There was a man at the far end of the cafe, and I thought yes, someone else is here alone. But soon after he was joined by a woman and they sat looking elegant and classy sipping on some red wine. The woman was dressed in a white chiffon suit, and I secretly hoped her wine would spill on it. I wondered what I looked like to them. Definitely not elegant. Definitely not classy. My hair was in a bun, my denim shirt was swaying around in the wind, and my shopping bags sat in a fort around me. Yeah—definitely not classy.

I decided people watching was not working out for me so I began writing notes on my phone. “I haven’t felt this relaxed in a long time,” I wrote. But then I didn’t know what else to write. Writing on my phone seemed silly. I scored through my bag for my notebook, why was today the one day I left my house without it. Finally, I found a pen and almost let out a little shriek. I grabbed a napkin that sat under my wine jug, since that was the only thing I could even think of writing on.

I slowly wrote my name, curling the M and the N like I used to in fifth grade when my teacher would tell me to write in cursive. But then the pen stopped working. Just my luck. The need to write was kicking in. Everyone was either laughing, or talking, or silently swaying to the music and I needed to write. I looked through my bag again. There was another pen, it wasn’t my favourite. I had grabbed it from the front office right before class the other day and it was not appealing to the eye. It wasn’t a writing kind of pen. But it was my only option. So I began.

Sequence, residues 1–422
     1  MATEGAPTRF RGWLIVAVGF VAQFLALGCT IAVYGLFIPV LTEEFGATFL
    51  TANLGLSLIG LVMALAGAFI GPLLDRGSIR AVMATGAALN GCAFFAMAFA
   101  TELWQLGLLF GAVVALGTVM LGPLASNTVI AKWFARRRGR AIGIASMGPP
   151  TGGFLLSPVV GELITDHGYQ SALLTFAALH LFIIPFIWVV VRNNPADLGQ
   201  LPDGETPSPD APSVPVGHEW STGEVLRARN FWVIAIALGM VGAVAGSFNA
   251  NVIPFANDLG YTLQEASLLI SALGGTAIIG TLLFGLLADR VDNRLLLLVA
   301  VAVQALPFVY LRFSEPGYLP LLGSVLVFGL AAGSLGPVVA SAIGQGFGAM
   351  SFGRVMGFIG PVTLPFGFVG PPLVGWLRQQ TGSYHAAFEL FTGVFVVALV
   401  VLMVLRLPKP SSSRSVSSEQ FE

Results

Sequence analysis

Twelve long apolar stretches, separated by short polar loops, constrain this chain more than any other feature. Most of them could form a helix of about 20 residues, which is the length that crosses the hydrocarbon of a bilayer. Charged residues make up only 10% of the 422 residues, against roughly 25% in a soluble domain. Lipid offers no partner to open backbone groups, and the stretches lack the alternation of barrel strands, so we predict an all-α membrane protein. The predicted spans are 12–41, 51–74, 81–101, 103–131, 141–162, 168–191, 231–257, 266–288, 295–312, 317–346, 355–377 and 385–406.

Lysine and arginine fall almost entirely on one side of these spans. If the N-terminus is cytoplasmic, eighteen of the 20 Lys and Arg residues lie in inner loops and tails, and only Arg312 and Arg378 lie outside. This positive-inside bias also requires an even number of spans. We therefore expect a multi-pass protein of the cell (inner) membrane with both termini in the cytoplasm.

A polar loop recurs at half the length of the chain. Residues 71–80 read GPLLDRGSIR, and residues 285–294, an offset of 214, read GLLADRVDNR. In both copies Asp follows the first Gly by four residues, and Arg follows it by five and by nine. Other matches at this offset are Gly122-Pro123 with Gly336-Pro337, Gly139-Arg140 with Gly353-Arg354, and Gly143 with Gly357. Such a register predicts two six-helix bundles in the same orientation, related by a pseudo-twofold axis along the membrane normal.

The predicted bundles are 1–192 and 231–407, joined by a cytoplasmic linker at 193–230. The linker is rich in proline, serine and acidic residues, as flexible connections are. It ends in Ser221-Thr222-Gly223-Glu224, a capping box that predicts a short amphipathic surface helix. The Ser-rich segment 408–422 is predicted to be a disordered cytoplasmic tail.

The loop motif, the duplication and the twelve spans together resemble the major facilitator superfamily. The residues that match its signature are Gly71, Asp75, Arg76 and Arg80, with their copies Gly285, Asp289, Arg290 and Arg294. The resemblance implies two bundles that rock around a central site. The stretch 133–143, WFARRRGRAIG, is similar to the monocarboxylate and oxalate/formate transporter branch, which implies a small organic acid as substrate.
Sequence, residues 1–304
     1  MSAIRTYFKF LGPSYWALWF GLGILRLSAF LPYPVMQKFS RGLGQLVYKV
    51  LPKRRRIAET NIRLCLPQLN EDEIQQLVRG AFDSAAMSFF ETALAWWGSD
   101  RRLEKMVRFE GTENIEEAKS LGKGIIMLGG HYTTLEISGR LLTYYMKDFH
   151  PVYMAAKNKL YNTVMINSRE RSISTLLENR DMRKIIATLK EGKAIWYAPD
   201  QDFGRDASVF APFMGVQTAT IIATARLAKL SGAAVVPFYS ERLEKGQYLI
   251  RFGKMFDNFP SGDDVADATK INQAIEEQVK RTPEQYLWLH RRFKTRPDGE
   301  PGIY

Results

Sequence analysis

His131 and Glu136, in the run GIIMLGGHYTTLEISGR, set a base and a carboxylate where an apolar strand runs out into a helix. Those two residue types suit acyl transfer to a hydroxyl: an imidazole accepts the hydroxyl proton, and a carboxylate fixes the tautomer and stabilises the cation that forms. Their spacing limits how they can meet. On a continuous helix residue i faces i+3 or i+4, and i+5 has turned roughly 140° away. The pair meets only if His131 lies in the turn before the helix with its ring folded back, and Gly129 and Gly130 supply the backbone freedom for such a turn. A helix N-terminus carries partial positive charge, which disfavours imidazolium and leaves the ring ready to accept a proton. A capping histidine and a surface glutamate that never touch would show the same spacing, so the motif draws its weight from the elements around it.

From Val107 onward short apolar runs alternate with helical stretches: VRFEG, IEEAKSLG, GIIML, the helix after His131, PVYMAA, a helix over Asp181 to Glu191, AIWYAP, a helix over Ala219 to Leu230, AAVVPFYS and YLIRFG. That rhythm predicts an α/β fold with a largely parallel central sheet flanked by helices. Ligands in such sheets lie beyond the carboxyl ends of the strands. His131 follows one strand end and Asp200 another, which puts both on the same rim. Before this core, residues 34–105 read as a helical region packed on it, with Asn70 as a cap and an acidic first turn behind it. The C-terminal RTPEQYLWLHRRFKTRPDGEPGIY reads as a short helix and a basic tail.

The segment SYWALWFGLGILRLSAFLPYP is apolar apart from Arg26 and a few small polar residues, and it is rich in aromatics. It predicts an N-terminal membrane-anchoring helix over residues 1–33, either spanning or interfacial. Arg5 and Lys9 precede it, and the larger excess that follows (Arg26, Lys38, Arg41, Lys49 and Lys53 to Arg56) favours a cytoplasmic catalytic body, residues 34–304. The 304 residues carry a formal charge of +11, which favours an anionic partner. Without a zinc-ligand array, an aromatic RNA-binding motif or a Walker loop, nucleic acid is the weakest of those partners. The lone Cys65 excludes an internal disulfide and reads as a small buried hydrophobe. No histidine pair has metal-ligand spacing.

The laughter coming from the cafe below would have been distracting on another day. But today didn’t feel like just another day. Why I didn’t do this more often? Why I didn’t do this everyday? I kept writing, trying to block everything else out. This was what I was here for. This moment, this feeling, this pen (well maybe not this one) and its contact with paper. I felt, after a long time, that there was something uplifting in being completely alone.

There was no phone to distract me from my thoughts. No book to guide my stream of consciousness. I could think of anything my mind let me. I was alone with my pen and my napkins. I didn’t need anything else. I realised that happiness was easy to find. In the small moments at least. Yes, it was fleeting and fickle. But it was also ephemeral when you found it. I wrote on napkin after napkin until the waiter came up to me asking if I was a writer. I smiled. Yes, maybe. In this moment, on this day, I am.

I sat atop Il Palazzetto. Alone. Happy. Writing.

Maybe this kind of happiness couldn’t be found just anywhere. It had to be the right place, at the right time. And today, it was. The music was low in the way my mother whispered stories into my ear as I lulled into sleep as a child. The sun was heavy in the way it scorched my skin on endless summer days at the beach back home. “I haven’t felt this relaxed in a long time,” I wrote again. I called for the bill, picked up my napkins and headed down the stairs back into a reality I was all too familiar with.